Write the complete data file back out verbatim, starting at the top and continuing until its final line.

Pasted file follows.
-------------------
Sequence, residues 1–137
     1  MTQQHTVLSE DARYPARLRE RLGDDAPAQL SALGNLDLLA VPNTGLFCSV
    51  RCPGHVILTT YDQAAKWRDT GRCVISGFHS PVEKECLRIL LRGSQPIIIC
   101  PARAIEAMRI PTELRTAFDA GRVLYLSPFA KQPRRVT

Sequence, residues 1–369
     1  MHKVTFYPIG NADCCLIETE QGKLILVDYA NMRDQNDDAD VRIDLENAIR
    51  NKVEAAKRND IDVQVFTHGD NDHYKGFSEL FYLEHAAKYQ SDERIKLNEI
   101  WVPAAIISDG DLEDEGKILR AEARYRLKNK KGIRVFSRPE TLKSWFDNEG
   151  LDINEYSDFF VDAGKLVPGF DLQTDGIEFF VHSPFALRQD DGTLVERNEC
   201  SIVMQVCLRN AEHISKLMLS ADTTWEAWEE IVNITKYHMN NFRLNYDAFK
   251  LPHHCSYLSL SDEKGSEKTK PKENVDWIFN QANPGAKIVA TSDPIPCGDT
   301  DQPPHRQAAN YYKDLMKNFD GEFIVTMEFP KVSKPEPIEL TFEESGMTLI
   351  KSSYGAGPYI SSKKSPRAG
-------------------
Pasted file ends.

Sequence, residues 1–137
     1  MTQQHTVLSE DARYPARLRE RLGDDAPAQL SALGNLDLLA VPNTGLFCSV
    51  RCPGHVILTT YDQAAKWRDT GRCVISGFHS PVEKECLRIL LRGSQPIIIC
   101  PARAIEAMRI PTELRTAFDA GRVLYLSPFA KQPRRVT

Sequence, residues 1–369
     1  MHKVTFYPIG NADCCLIETE QGKLILVDYA NMRDQNDDAD VRIDLENAIR
    51  NKVEAAKRND IDVQVFTHGD NDHYKGFSEL FYLEHAAKYQ SDERIKLNEI
   101  WVPAAIISDG DLEDEGKILR AEARYRLKNK KGIRVFSRPE TLKSWFDNEG
   151  LDINEYSDFF VDAGKLVPGF DLQTDGIEFF VHSPFALRQD DGTLVERNEC
   201  SIVMQVCLRN AEHISKLMLS ADTTWEAWEE IVNITKYHMN NFRLNYDAFK
   251  LPHHCSYLSL SDEKGSEKTK PKENVDWIFN QANPGAKIVA TSDPIPCGDT
   301  DQPPHRQAAN YYKDLMKNFD GEFIVTMEFP KVSKPEPIEL TFEESGMTLI
   351  KSSYGAGPYI SSKKSPRAG